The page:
Latest Team Rankings
Free Text Alerts
|ShopMobileRadio RSSRivals.com Yahoo! Sports|
|College Teams||High Schools|
February 11, 2009DURHAM, N.C. - Before tipoff, the public-address announcer at Cameron Indoor Stadium introduced North Carolina forward Tyler Hansbrough as "Taylor" Hansbrough.
But Hansbrough and the rest of the UNC senior class had the last laugh, notching a 101-87 win against sixth-ranked Duke to complete a four-year sweep in this building.
"It's a big accomplishment," Hansbrough said. "I think this is one of the toughest places to play in college basketball. Not many people are able to do this."
If the Carolina seniors had the last laugh, then it was junior point guard Ty Lawson who had the last words for the No. 3 Tar Heels (22-2, 8-2 in the ACC).
And they weren't exactly suitable for print.
After enduring chants of "DUI" - a reference to Lawson's offseason legal incident - all night, Lawson turned to the Duke student section and shouted "F--- you!" once the final horn had sounded.
"It was just some trash talking," said Lawson, who led the Tar Heels with a season-high 25 points, the most he has ever scored in an ACC game.
Lawson said one fan in particular got under his skin "talking about (Greg) Paulus is killing me - just ridiculous stuff."
It was Lawson who killed the Duke point guard and anyone else the Blue Devils (20-4, 7-3) threw at him.
With the Tar Heels' up three points, Lawson scored on back-to-back driving lay-ups to spark a 14-0 UNC run that put them up 17 with less than four minutes remaining.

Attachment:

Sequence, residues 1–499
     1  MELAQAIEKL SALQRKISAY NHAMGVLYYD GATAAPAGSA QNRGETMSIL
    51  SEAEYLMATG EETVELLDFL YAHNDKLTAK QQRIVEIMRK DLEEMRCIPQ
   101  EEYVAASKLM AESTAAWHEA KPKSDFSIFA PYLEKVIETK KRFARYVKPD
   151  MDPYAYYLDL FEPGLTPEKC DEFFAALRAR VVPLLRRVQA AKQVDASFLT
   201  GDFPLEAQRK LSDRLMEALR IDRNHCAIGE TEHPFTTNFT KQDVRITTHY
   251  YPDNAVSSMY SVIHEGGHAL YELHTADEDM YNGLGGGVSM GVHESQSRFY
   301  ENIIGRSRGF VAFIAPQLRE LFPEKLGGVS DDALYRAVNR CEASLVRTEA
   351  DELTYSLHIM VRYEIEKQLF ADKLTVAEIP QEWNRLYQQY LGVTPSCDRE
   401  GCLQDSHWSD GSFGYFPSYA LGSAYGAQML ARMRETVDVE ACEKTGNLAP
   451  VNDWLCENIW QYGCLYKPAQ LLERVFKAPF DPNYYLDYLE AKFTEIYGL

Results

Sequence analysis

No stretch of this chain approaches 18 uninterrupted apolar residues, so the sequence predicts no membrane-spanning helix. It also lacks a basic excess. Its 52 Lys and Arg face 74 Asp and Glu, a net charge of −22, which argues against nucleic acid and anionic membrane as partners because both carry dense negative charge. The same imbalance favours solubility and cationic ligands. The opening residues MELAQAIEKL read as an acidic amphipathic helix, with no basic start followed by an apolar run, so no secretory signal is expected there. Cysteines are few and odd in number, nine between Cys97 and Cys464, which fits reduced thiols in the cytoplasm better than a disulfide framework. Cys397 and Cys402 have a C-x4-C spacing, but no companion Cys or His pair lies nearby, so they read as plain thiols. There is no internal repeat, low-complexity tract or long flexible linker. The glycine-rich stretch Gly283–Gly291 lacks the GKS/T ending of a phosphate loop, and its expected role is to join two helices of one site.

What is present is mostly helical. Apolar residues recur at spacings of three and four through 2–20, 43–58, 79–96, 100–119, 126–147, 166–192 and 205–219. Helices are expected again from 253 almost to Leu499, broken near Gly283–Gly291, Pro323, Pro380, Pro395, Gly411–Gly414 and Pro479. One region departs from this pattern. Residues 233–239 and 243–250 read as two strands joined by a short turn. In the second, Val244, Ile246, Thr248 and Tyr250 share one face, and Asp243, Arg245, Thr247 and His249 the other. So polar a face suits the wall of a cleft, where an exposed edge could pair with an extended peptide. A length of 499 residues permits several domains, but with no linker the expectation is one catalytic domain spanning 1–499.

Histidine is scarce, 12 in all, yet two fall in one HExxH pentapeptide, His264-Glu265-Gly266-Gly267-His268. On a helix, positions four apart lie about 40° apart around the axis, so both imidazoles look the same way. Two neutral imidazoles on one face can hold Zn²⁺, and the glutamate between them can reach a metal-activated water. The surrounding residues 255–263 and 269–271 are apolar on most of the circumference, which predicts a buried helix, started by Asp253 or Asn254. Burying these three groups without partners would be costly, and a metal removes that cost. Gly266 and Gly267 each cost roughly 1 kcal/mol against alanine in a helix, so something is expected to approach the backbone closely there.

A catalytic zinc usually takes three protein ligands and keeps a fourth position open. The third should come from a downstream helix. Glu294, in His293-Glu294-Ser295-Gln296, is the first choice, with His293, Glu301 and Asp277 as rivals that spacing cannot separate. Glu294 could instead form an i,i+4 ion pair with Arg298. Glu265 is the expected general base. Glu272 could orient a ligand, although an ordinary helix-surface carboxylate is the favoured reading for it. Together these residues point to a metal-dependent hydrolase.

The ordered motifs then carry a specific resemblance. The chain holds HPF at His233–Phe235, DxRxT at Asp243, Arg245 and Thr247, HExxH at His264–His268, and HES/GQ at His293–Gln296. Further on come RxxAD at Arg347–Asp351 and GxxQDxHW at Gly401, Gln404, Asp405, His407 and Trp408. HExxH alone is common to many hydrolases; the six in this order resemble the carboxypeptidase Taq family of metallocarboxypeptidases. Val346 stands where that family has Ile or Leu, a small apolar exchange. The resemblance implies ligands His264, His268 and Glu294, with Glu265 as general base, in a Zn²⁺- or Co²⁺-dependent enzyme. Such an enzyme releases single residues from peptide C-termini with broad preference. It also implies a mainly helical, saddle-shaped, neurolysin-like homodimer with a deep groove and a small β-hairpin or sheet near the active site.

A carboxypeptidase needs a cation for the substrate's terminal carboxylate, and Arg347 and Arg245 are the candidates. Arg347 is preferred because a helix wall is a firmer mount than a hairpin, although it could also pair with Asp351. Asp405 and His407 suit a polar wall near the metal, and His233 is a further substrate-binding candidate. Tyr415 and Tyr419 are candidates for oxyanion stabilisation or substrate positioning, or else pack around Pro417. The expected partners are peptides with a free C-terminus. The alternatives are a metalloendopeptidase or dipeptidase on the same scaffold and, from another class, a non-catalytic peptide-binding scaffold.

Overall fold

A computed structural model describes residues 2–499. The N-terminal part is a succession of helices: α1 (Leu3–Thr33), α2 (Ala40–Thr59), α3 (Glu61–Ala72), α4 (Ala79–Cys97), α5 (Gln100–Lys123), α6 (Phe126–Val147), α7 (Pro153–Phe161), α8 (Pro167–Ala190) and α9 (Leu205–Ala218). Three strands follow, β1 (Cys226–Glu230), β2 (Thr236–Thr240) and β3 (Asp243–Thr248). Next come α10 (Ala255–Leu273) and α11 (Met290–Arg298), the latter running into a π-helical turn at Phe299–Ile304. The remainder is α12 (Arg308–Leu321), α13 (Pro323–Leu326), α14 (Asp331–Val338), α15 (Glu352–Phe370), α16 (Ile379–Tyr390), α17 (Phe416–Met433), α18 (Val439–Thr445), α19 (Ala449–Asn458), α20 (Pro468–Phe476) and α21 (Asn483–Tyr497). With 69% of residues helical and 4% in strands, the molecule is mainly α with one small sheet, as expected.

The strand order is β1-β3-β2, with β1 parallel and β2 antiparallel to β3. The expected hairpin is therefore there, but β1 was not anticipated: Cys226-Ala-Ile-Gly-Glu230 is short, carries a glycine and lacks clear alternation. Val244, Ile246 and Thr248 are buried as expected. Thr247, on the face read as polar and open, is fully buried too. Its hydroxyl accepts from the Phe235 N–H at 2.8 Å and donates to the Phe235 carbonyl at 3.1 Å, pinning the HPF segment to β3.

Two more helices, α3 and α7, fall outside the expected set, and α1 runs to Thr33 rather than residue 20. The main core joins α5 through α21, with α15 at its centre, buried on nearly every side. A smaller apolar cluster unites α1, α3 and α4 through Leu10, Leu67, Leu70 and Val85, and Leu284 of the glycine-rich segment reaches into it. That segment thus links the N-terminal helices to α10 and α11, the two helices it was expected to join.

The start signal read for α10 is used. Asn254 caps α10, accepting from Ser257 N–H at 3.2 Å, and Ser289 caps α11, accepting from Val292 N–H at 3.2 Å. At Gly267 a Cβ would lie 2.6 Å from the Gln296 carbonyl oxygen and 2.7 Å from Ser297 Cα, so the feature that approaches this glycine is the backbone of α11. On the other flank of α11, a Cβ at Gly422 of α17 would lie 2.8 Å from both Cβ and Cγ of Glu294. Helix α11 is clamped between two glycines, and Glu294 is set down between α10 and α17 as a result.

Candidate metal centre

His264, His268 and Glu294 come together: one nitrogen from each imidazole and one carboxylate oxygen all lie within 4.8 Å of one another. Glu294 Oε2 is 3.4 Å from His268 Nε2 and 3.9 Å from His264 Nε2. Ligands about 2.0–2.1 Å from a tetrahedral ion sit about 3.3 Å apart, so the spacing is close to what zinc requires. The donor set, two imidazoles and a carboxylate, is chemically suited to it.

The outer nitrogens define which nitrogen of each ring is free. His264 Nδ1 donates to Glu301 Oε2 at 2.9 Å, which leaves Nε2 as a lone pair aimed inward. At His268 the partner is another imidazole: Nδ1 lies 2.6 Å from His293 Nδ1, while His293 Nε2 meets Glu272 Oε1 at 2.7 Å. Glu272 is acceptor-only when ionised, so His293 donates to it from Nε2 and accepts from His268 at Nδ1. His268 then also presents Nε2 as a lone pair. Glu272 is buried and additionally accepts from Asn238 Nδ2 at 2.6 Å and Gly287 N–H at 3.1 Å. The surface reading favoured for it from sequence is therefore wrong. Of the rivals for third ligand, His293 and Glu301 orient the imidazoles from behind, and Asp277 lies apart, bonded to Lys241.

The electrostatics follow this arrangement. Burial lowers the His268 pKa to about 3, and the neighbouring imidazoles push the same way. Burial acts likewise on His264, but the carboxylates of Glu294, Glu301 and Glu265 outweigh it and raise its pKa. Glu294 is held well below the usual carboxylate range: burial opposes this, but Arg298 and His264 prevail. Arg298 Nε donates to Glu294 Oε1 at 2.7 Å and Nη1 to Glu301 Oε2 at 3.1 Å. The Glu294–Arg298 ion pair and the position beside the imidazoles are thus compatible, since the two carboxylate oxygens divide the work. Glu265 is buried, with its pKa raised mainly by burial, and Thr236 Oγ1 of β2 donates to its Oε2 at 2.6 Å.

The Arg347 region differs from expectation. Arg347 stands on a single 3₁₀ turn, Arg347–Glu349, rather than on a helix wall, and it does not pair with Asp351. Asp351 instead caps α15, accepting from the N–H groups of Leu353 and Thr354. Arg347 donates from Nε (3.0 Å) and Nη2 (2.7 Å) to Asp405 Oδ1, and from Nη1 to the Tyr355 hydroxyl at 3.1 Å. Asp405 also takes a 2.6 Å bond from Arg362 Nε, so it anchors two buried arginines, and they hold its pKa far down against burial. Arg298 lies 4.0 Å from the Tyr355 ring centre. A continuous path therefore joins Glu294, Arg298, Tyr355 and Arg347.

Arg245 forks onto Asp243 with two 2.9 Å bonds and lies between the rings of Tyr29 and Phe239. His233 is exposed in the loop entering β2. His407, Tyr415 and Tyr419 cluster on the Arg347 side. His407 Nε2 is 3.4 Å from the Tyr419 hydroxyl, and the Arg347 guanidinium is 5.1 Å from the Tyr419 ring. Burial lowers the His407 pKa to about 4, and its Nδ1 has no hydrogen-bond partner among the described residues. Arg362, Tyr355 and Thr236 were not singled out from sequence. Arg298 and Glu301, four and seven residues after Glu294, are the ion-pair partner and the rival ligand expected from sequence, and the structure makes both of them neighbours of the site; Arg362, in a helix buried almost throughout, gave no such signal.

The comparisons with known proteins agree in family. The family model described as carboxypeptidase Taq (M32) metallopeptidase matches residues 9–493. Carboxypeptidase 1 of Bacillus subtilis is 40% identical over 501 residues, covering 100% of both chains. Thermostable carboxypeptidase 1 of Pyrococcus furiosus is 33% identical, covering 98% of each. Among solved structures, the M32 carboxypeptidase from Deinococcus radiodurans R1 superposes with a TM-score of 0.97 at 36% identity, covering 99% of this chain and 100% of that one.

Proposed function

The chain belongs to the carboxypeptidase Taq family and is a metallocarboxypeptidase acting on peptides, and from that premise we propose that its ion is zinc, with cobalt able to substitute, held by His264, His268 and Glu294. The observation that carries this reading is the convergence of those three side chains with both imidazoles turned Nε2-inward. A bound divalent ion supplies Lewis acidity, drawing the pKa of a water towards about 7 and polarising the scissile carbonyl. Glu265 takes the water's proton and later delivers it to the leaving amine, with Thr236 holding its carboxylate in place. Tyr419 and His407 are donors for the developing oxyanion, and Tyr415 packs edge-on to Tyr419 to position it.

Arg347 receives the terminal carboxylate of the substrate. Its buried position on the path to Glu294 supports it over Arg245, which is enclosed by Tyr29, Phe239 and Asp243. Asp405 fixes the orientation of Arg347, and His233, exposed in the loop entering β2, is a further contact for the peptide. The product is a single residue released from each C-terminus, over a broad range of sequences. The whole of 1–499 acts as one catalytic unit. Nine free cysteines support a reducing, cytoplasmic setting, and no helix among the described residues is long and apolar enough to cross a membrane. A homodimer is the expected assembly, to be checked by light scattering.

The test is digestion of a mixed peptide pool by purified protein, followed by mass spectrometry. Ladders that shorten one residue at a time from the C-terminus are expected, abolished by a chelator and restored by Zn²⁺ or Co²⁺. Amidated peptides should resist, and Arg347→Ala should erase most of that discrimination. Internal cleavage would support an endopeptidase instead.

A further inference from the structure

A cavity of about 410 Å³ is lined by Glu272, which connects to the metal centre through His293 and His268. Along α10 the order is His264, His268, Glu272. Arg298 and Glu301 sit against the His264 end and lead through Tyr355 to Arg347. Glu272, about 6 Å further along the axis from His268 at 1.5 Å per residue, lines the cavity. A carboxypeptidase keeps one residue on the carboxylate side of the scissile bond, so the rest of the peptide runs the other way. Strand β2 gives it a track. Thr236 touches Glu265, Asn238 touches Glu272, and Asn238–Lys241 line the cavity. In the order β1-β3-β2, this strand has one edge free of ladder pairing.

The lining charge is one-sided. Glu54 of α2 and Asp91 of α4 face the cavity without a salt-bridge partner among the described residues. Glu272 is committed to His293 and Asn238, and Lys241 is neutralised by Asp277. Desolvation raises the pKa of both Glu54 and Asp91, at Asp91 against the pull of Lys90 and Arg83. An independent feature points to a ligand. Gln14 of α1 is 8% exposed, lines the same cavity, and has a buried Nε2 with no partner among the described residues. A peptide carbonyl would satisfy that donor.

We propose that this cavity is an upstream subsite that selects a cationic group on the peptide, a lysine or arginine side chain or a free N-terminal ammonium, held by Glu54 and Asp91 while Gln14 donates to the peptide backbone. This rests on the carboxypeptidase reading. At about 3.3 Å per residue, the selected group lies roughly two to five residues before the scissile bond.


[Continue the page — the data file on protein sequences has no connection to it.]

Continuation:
"I feel like every time we play against Duke, no one can stop me in the lane," Lawson said.
The run included a Hansbrough 3-pointer with the shot-clock winding down, which was reminiscent of a long ball he hit here his freshman year, but there was no question it was Lawson who was driving the Carolina attack.
"He's strong and he's strong with the ball," Duke coach Mike Krzyzewski said. "Even when you're trying to corral him, he keeps the ball so low. He's strong-willed, and he's really good with the ball. He played a great game tonight. It was almost impossible for us to defend him. He's a great weapon."
UNC coach Roy Williams said he made it a point in the second half to create space in the middle of the floor for Lawson to beat the Duke defenders.
Lawson was patient in waiting for his spots, but aggressive once he found them.
"Somebody might say that's an oxymoron, but it's true," Williams said.
All five Tar Heels scored in double figures as UNC hit the 100-point mark in regulation for just the third time in the history of this series and the first time in 26 years at Cameron Indoor Stadium.
And the Heels did it against the top scoring defense in the ACC.
Carolina played a little defense of its own, too, after allowing the Blue Devils to shoot nearly 62 percent in the first half.
The second-half result - a 36-percent shooting mark for Duke - was far more pleasing for Williams.
"The first half they just took it right to us," Williams said. "They outplayed us that last 10 minutes of the first half."
During that first-half stretch, the Blue Devils turned a 10-point Carolina advantage around by scoring 14 straight points and cruised into the half confident, not to mention up 52-44.
The Tar Heels didn't panic at being down at the break, instead chipping away at the Duke lead over the opening minutes of the second before taking the lead back on a pair of Lawson free throws near the 12-minute mark.
"We needed a run, and he just kind of took over the game," Danny Green said. "With his speed, he's really hard to stop."
A good chunk of Carolina's early offense came from some sources that had been slumping. Deon Thompson scored 10 of the Heels' first 25 points, while Bobby Frasor hit three 3-pointers to notch a season-high nine points.
It was only appropriate that all the healthy seniors - Hansbrough, Frasor, Green and Mike Copeland - played a role in finishing off the four-year Cameron sweep.
"A lot of teams lose here," Green said. "It's hard to beat a team four times in a row on their home court. But we come out with just as much motivation as they do."